Counselling: Auntie Ag and Uncle Ony

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A TANGLED WEB

Two years ago I met my soulmate on the Internet and we've been e-mailing each other constantly ever since, having the best girlie chats. She lives in Rockford, Illinois, but we've got so much in common and I have told her my most intimate secrets. Now she's confessed that she's a he and says s/he's in love with me. I feel such a fool.

Martha, Birmingham

UNCLE ONY: Do you not feel the least thrill at having captivated someone else through the sheer attraction of your mind and personality, rather than any crude sexual lures? This is the kind of opportunity that many women would be overjoyed to explore. Why not continue your e-mail correspondence, though on a rather different level perhaps, and see what develops?

AUNTIE AG: Ony, this person (and I use the term loosely) is nothing more or less than a confidence-trickster snake-in-the-grass. Angel, don't feel a fool. One of the greatest pitfalls of the Internet is that it's very hard to detect a deceiver, and this certainly isn't your fault. E-mail him back, darling, saying that you also fibbed about your gender, for the fun of it, and that you are in fact a six-foot-two weightlifter called Warren. Then pull the plug on him.

BASIC INSTINCTS

I've met the love of my life. We've only been together for a month, but we both agree that nothing's ever been so right. What I want to know is, when are we supposed to pooh? We spend almost all the time together and I just don't feel ready to expose him to any bodily unpleasantness. He must be feeling the same, because I haven't detected so much as a whiff. I use loos in public places whenever I can, but it's not always convenient.

Desperate, Acton

UNCLE ONY: You say "nothing's ever been so right", when you can barely even acknowledge each other as human beings, as living, breathing, eating, "poohing" mammals? Michelle Pfeiffer poohs, George Clooney poohs, even the Queen poohs (sometimes. Or so we assume). I'm afraid that until you can accept each other as functioning humans, this relationship will go nowhere. What will you do if you ever go on holiday together and have an en-suite room where the facilities are virtually right there in the bedroom with you? Also you might both catch something dreadful from contaminated public convenience seats.

AUNTIE AG: One reads the most frightful stories of couples that will do absolutely anything in front of each other, darling, and I do think you're quite right retaining a bit of feminine mystique over this particular issue. But it doesn't mean you can't go at all. Assuming the bathroom has a lock on, discreetly vanish inside for a while - no need for a big song and dance, just slip off (you can always open the window after for a few moments). If you are really shy and need an excuse, plead contact lenses requiring urgent attention, or say you're going to floss your teeth: teeth-flossing is such an alarming spectacle that, however assiduous your amour is, he will not wish to witness it.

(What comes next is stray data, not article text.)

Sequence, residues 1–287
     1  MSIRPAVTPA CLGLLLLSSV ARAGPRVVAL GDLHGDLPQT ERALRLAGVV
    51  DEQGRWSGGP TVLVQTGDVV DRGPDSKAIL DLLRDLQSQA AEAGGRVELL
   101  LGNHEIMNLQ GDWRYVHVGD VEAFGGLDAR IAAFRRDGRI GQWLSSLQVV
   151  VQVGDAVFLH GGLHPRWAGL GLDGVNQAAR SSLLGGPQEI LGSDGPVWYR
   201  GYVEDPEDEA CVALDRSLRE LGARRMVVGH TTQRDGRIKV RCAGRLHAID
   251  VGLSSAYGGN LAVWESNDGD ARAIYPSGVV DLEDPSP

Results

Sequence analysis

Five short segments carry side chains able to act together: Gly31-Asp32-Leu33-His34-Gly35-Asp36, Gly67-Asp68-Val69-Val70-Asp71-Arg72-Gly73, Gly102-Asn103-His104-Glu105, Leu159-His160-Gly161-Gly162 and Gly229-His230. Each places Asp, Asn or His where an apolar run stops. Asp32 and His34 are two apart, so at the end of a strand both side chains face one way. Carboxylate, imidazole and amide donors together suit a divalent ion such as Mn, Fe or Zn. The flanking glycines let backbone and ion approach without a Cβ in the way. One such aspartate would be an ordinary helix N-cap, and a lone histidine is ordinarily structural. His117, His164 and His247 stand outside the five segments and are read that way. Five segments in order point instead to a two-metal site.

NOT SINGING BUT SHOUTING

I am having a birthday party later this month and am in two minds about hiring a karaoke machine. Would it be great fun or would it be terribly naff?

Alison, London SW17

UNCLE ONY: Anything that breaks the ice and helps all of your chums to mix and mingle will help to make your party go with a swing, so hire away without any qualms.

AUNTIE AG: Karaoke machines are fun for the person who's doing the singing, but less so for the majority who are doing the listening. Why waste money you could spend on champagne, darling?

FEED THE AGED

My grandparents are coming to stay later this month and, while I am very fond of them, they are the kind of people who consider buying ready-made meals to be a sin on a par with murder. I think it may be something to do with their ages and having experienced rationing in the war etc. "pounds 1.99 for a little thing like that, just potatoes and cheese! That's nearly 40 shillings in old money! And you could make it yourself for pennies!" are some of their tried and tested lines. They are staying for a whole week and I really can't face hauling them round the local beauty spots during the day and retiring to the kitchen to chop onions every evening. But they have made me feel it's somehow uncaring to buy stuff in and that home-cooked is far superior. Do you think it's acceptable to cater the whole week from Marks & Spencer?

Lorraine, Penzance

UNCLE ONY: When guests come to stay, their wishes and desires are paramount, a principle that holds true in nearly every civilisation. You really have an obligation to make their sojourn as pleasant as possible, so I'm afraid that a bit of vegetable-chopping is indeed in order. Why not get them to lend you a hand, and make the preparation of the meal as much of a shared ceremony as eating it?

AUNTIE AG: Good heavens, darling, it's an act of rare heroism to have granny and grandpa for a whole week, let alone peeling a bushel of potatoes on top of all that. Don't be dictated to: as you whack the foil containers into the oven, smile sweetly and say you would rather spend time with them than in the kitchen, a line that never fails.

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